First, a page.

Voices from Russia

Sunday, 13 November 2016

Brexit Process Pushes Scottish Unionists Toward Regional Independence From UK



On Sunday, Ahmed Asif, a spokesman for the Scottish National Party (SNP) told us that the continuing process of Britain’s exit from the EU stimulated a number of Scottish politicians, who used to oppose independence from the UK to reconsider their opinion. On Friday, Alex Rowley, Deputy Leader of the Scottish Labour Party, called on his party fellows to denounce its unionist policy and called for it to adopt a more federalist position. Asif said:

Many Labour supporters voted for independence in 2014, and faced with being dragged to the EU exit door by the hard right of the Tory party, it’s no surprise that many more are reconsidering their opposition to independence. After the majority of Scots voiced their support to the UK’s EU membership, they realised the possible impact of Brexit on the country’s economy and other issues.

On 23 June, the UK held a referendum in which 51.9 percent of voters, or 17.4 million people, opted for the country to leave the EU. At the same time, the majority of voters in both Scotland and Northern Ireland opposed such an exit. Following the referendum, Scottish First Minister Nicola Sturgeon (SNP) said that Scotland would consider to take a vote on independence one more time after a failed attempt in September 2014, claiming that Brexit referendum outcome neglected its desire to stay in the EU.

13 November 2016

Sputnik International


Saturday, 13 September 2014

Scotland: The Courage to Grasp the Future?

00 vote yes for the future. Bugger off Westminster! 13.09.14


Does Scotland have the courage to grasp its own future, to be master of its destiny, and to make decisions for Scots taken by Scots, or are Governments in Westminster, for which the majority of the Scottish people didn’t vote, going to continue to rule Scotland repeatedly? Are Scots going to bow to the manipulation of fear? If the Scottish people largely didn’t vote for the Government in Westminster, then, why is it making decisions that shape the livelihoods and futures of the Scottish people and their children? Let’s look at the opportunities that an independent Scotland could take advantage of.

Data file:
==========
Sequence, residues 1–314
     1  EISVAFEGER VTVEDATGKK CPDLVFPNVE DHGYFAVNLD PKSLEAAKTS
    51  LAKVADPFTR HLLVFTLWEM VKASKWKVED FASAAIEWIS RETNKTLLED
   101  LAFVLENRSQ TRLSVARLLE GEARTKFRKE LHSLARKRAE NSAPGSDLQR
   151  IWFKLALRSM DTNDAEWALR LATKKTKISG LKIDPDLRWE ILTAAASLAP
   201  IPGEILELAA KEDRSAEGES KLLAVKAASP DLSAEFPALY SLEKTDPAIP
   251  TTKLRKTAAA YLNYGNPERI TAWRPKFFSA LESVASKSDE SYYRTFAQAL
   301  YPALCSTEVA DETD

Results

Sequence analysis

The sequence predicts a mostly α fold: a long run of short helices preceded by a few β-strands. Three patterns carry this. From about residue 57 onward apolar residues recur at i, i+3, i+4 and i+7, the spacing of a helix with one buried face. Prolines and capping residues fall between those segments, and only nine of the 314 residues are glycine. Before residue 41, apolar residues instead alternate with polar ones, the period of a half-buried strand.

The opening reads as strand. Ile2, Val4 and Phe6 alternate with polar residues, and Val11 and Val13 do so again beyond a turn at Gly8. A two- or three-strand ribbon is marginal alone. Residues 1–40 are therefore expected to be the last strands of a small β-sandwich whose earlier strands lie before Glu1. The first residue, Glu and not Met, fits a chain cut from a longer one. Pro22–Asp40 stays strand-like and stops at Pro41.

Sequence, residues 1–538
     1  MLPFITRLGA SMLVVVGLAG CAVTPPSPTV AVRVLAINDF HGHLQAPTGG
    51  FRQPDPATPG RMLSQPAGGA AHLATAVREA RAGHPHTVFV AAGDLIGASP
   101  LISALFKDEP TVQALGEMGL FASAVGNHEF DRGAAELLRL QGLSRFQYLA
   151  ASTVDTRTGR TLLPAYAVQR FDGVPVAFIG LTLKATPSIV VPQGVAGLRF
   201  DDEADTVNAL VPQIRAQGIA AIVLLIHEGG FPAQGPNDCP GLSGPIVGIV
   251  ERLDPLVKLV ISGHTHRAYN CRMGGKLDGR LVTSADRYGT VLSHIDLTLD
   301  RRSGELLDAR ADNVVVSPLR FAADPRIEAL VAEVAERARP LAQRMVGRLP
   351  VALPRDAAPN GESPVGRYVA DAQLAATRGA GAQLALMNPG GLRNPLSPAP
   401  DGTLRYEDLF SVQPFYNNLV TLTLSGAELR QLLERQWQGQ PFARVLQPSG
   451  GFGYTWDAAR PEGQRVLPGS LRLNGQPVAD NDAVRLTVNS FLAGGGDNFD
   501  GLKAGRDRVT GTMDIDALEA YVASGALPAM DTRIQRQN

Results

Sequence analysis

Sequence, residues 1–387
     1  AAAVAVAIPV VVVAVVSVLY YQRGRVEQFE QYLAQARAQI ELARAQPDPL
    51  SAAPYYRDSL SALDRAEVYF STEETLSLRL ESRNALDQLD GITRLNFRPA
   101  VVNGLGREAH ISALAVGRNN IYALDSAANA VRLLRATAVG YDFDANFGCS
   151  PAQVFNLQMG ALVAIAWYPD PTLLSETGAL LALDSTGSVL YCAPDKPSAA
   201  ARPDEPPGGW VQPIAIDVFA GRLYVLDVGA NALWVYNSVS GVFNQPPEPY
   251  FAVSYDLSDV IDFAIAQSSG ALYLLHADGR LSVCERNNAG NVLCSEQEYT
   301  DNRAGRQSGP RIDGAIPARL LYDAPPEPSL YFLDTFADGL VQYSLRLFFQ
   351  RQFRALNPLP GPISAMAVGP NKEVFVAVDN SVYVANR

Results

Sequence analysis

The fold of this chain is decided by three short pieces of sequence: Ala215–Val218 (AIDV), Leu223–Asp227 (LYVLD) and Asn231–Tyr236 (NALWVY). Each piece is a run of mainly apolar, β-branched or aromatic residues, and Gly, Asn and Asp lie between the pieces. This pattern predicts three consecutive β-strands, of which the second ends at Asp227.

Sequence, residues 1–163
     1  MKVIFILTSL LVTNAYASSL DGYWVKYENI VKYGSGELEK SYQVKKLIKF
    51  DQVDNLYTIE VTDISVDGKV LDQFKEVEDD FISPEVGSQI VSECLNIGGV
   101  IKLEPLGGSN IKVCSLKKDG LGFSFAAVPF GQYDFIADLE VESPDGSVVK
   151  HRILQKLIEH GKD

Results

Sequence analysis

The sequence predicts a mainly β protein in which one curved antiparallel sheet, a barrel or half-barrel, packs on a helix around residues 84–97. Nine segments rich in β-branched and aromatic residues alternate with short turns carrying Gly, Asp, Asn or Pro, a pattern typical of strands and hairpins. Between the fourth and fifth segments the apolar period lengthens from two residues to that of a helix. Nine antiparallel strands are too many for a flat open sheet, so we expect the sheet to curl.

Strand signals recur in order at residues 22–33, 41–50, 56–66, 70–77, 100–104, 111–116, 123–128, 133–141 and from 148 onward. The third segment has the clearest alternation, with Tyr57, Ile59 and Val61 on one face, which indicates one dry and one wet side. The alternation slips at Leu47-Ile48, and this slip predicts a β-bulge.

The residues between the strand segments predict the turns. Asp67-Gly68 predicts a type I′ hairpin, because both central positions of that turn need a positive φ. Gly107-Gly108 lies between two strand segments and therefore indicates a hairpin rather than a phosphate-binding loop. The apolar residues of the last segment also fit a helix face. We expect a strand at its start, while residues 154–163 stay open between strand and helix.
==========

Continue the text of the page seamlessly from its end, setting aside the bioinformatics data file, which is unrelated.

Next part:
First, an independent Scotland would be nothing new. After all, it only joined England and Wales in the Union in 1707. Secondly, an independent Scotland would hardly be the smallest country in Europe. There exist many examples of small but prosperous countries with fewer resources and a smaller… far smaller… geographical area than those of Scotland. Thirdly, an independent Scotland would have a massive economic zone around it, stretching out into the Arctic… indeed, Scotland could become an Arctic nation, using its considerable scientific and technological expertise towards harnessing the untold wealth under the seas… mineral wealth to be discovered, fisheries, and alternative energies. If Scotland used the Scottish Pound divorced from GBP or created a new currency, it’d be free to follow its own economic policies, using its currency as leverage to create jobs and wealth by favouring exports, translating this into opportunities and work posts for its youth and added income for the State through revenue from taxation and duties.

Famous for its whisky, Scotland produces a range of products in numerous areas of economic activity in all three economic sectors… in the primary sector, Scotland produces barley, fish, Iron-Bru, beer, potatoes, whisky, timber, shortbread, and mineral waters; in the secondary sector, from cutting-edge technologies in aerospace and naval systems to vehicles for public transportation, computer hardware and software development, from chemical products to oil and gas, electricity, electronics, pharmaceutical products and renewable energies, ships and textiles; in the tertiary sector, Scotland is also a  major player in business and financial services.